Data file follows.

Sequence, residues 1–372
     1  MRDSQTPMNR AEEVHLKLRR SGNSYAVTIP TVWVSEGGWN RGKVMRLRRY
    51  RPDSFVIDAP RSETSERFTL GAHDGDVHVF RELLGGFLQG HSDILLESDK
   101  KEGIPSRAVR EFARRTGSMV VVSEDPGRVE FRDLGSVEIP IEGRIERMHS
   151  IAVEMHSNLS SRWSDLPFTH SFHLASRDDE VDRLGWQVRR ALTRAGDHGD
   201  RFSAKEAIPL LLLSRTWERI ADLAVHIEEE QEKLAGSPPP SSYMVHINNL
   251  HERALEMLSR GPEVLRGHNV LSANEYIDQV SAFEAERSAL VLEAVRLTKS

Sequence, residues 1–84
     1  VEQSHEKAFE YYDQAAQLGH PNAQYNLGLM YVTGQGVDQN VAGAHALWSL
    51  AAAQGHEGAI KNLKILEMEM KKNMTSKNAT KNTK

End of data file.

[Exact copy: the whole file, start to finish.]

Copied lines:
Sequence, residues 1–372
     1  MRDSQTPMNR AEEVHLKLRR SGNSYAVTIP TVWVSEGGWN RGKVMRLRRY
    51  RPDSFVIDAP RSETSERFTL GAHDGDVHVF RELLGGFLQG HSDILLESDK
   101  KEGIPSRAVR EFARRTGSMV VVSEDPGRVE FRDLGSVEIP IEGRIERMHS
   151  IAVEMHSNLS SRWSDLPFTH SFHLASRDDE VDRLGWQVRR ALTRAGDHGD
   201  RFSAKEAIPL LLLSRTWERI ADLAVHIEEE QEKLAGSPPP SSYMVHINNL
   251  HERALEMLSR GPEVLRGHNV LSANEYIDQV SAFEAERSAL VLEAVRLTKS

Sequence, residues 1–84
     1  VEQSHEKAFE YYDQAAQLGH PNAQYNLGLM YVTGQGVDQN VAGAHALWSL
    51  AAAQGHEGAI KNLKILEMEM KKNMTSKNAT KNTK